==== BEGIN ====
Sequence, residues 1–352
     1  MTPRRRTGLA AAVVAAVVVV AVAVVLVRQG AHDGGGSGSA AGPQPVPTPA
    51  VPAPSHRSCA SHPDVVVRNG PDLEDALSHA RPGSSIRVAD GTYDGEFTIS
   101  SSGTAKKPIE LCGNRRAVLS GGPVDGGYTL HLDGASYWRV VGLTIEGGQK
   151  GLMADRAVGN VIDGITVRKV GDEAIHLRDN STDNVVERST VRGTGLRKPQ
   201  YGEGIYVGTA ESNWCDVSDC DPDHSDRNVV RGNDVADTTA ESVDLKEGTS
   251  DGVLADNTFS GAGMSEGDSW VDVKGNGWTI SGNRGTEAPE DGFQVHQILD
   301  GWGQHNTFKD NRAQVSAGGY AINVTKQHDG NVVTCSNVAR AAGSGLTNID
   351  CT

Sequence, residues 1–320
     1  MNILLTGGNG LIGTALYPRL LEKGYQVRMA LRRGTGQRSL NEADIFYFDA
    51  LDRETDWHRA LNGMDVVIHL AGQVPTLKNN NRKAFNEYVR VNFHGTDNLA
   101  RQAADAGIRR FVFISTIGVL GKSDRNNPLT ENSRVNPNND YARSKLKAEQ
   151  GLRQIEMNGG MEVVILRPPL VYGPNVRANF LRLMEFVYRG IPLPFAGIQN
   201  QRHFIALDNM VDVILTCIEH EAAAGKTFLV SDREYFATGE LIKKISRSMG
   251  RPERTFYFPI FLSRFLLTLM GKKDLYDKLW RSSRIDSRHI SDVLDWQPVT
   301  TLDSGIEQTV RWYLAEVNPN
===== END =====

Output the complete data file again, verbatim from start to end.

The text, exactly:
Sequence, residues 1–352
     1  MTPRRRTGLA AAVVAAVVVV AVAVVLVRQG AHDGGGSGSA AGPQPVPTPA
    51  VPAPSHRSCA SHPDVVVRNG PDLEDALSHA RPGSSIRVAD GTYDGEFTIS
   101  SSGTAKKPIE LCGNRRAVLS GGPVDGGYTL HLDGASYWRV VGLTIEGGQK
   151  GLMADRAVGN VIDGITVRKV GDEAIHLRDN STDNVVERST VRGTGLRKPQ
   201  YGEGIYVGTA ESNWCDVSDC DPDHSDRNVV RGNDVADTTA ESVDLKEGTS
   251  DGVLADNTFS GAGMSEGDSW VDVKGNGWTI SGNRGTEAPE DGFQVHQILD
   301  GWGQHNTFKD NRAQVSAGGY AINVTKQHDG NVVTCSNVAR AAGSGLTNID
   351  CT

Sequence, residues 1–320
     1  MNILLTGGNG LIGTALYPRL LEKGYQVRMA LRRGTGQRSL NEADIFYFDA
    51  LDRETDWHRA LNGMDVVIHL AGQVPTLKNN NRKAFNEYVR VNFHGTDNLA
   101  RQAADAGIRR FVFISTIGVL GKSDRNNPLT ENSRVNPNND YARSKLKAEQ
   151  GLRQIEMNGG MEVVILRPPL VYGPNVRANF LRLMEFVYRG IPLPFAGIQN
   201  QRHFIALDNM VDVILTCIEH EAAAGKTFLV SDREYFATGE LIKKISRSMG
   251  RPERTFYFPI FLSRFLLTLM GKKDLYDKLW RSSRIDSRHI SDVLDWQPVT
   301  TLDSGIEQTV RWYLAEVNPN